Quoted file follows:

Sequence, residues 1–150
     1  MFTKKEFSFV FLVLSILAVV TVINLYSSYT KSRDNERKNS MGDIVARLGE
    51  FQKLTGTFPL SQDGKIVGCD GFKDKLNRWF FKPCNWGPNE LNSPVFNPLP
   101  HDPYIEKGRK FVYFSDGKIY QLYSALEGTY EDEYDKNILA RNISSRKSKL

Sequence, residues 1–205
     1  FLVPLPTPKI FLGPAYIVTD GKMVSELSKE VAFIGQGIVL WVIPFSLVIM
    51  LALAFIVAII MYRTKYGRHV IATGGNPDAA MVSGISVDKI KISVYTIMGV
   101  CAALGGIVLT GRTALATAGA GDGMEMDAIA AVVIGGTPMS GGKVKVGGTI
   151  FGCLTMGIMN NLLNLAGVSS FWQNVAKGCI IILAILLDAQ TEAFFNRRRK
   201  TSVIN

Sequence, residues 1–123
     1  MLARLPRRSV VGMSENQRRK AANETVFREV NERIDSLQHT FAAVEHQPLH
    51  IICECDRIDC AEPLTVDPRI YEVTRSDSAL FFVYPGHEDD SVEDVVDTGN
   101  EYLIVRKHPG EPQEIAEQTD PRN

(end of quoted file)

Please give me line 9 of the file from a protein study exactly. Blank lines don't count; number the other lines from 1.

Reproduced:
   151  FGCLTMGIMN NLLNLAGVSS FWQNVAKGCI IILAILLDAQ TEAFFNRRRK